Film Festival week: Metropolis

Let me take a moment to talk about Metropolis. Metropolis was one of the most notable pioneering sci-fi works released back in 1927. It was directed by Fritz Lang and written by Fritz Lang and Thea von Harbou. The film is a classic of the genre, in spite of some scenes being lost, and every sci-fi fan should watch it. Why do I bring this up when it has nothing to do with anime? Well, back in 1949 Tezuka Osamu, who you may know as the creator of Astro Boy and Kimba the White Lion, made a manga inspired by the film, also titled Metropolis. In 2001, Madhouse and Tezuka Productions came out with an anime film version. Which is what we’re looking at today.


The narrative opens in the titular Metropolis with a celebration for the opening of the new Ziggurat. Our protagonists are the private investigator, Shunsaku Ban and his nephew, Kenichi. They’ve traveled to Metropolis to find and arrest a Doctor guilty of harvesting human organs. Little do ther realise that he’s working with the great aristocrat, Duke Red, to create a specialised robot for a specific purpose. They find the doctor’s laboratory burning and Kenichi gets separated from his uncle and stuck in a lower part of the city with the robot, Tima.

The story doesn’t have a bad premise, even though it’s not the one from the original silent film or even close to it. But it quickly becomes riddled with problems. A big one is the romance they have between Tima and Kenichi. It’s incredibly weak with the two characters showing no chemistry nor sharing any substantial moments. They meet and they’re amicable towards each other so it must be love, I guess. The biggest one is probably Duke Red’s ultimate scheme. It reads like a bad silver age comic plot, but without the glorious cheesiness that made silver age comics entertaining. Instead, the film plays it completely seriously. The pacing is all over the place, with some scenes dragging and others getting rushed through.


The characters are severely under-developed. Most of them fill a basic archetypal role and never move beyond that. Which is a real problem when they try to get you to sympathise with them. Something bad happened to that guy with three or four lines? Yeah, if you don’t flesh out your characters, we aren’t going to care. The big exceptions are the characters with even less personality. Tima moves well below under-developed and is just very flat and primarily serves the purpose of being obsessive about Kenichi with little if any personality or motivation beyond him. Yes, the 1927 film was somehow more progressive in terms of gender portrayals than the 2001 one. There are other characters like that, mostly ones who appear in only a few scenes, though. Tima is the only major character with that particular problem.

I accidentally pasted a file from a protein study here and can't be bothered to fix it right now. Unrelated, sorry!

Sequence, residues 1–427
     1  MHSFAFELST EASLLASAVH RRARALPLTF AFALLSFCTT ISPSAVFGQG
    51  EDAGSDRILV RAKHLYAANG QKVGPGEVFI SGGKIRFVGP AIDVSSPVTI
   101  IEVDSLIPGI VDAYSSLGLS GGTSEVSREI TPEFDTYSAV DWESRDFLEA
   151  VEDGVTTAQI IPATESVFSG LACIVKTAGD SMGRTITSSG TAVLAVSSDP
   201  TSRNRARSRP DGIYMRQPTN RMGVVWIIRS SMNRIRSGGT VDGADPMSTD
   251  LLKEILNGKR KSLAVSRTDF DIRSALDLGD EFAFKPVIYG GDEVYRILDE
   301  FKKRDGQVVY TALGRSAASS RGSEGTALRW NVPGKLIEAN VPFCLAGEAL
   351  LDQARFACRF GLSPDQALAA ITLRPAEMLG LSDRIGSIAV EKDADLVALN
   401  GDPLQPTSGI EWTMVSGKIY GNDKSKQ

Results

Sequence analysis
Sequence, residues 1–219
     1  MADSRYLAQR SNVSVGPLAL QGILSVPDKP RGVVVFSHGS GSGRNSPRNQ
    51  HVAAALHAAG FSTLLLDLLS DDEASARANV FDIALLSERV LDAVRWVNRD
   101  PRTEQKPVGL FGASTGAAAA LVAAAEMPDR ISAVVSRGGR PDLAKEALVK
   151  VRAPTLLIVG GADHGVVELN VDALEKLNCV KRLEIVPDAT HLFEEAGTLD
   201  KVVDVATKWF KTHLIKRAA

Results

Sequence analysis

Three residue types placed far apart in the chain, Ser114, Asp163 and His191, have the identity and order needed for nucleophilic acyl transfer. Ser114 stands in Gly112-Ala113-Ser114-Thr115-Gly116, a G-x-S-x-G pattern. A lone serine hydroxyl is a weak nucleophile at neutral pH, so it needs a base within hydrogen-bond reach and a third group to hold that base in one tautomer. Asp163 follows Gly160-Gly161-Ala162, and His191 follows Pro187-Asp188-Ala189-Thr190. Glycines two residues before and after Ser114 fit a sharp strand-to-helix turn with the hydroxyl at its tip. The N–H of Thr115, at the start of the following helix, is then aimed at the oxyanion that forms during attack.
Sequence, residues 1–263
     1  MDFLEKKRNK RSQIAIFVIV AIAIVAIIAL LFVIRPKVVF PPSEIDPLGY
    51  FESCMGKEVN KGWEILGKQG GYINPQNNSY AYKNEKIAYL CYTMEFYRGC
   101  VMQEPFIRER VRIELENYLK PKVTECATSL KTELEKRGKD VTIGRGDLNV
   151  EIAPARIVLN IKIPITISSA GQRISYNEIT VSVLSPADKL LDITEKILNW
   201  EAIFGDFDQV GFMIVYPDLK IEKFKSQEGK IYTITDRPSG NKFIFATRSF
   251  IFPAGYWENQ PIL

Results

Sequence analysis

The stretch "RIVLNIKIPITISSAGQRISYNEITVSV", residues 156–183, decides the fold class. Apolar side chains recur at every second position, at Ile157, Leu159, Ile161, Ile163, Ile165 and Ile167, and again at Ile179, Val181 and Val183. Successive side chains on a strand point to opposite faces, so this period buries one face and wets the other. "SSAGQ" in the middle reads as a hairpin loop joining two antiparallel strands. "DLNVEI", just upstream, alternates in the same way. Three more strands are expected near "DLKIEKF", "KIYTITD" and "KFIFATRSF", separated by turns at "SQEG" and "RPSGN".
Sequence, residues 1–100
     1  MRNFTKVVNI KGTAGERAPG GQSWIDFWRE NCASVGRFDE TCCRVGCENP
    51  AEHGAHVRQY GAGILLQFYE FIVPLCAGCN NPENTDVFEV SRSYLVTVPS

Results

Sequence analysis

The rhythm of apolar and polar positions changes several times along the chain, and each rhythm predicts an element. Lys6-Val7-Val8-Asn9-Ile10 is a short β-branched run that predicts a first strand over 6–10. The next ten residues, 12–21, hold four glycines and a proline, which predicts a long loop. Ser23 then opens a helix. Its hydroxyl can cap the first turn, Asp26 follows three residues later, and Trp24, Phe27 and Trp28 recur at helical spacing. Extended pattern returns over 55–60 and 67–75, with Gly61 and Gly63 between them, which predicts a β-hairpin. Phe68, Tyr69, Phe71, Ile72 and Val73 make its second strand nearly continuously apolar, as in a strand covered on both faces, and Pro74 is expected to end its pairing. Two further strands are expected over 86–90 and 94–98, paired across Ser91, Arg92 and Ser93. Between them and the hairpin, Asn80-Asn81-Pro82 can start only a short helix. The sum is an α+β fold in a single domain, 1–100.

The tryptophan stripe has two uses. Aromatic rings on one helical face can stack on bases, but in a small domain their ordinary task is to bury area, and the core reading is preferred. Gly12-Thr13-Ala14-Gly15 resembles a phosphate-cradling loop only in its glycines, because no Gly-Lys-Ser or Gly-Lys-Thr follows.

The artwork is by far the best part of the film. The characters are done in a kind of retro design style reminiscent of other anime based on Tezuka’s work. Which does work very well given the source material. The backgrounds are magnificent. The futuristic tech is really cool looking, although some of it seems like it was deliberately designed around looking cool while being grossly impractical. The fire fighting equipment in particular involves a bunch of small parts that all have to converge and fuse into the main device. It does look cool, but it makes the world seem kind of stupid.


The voice acting is mostly pretty competent. The actors all do their work well enough. The big exception is Imoto Yuka who can’t be asked to emote and gives a very monotone performance. It may be a matter of direction, but I haven’t heard her in anything else, this film was the only acting credit I could find for her, so it’s possible that the direction was fine and she was just bad. The music is really good.


There really isn’t any in this. 1/10.

Final Thoughts:

This movie is not good but I would hesitate to call it ungood. Visually, it’s a real treat. The music is good and the acting is, mostly, okay. That being said, it has a lot of problems. The story is weak. The characters are bland at best. It’s a film that’s flashy but lacking in any real substance. You might want to give it a watch if you’re really into high quality animation and sci-fi, but if you’re going to want a compelling narrative with interesting characters you’ll want to skip it. As such, I can’t recommend it for most people. Although you should definitely watch the silent film that it’s very loosely based on. My final rating is going to be a 4/10. Tomorrow, we’ll leap to something else. Possibly involving time travel.  

1 thought on “Film Festival week: Metropolis

  1. Pingback: Devil May Cry: Sephiroth cut his hair | Anime Reviews

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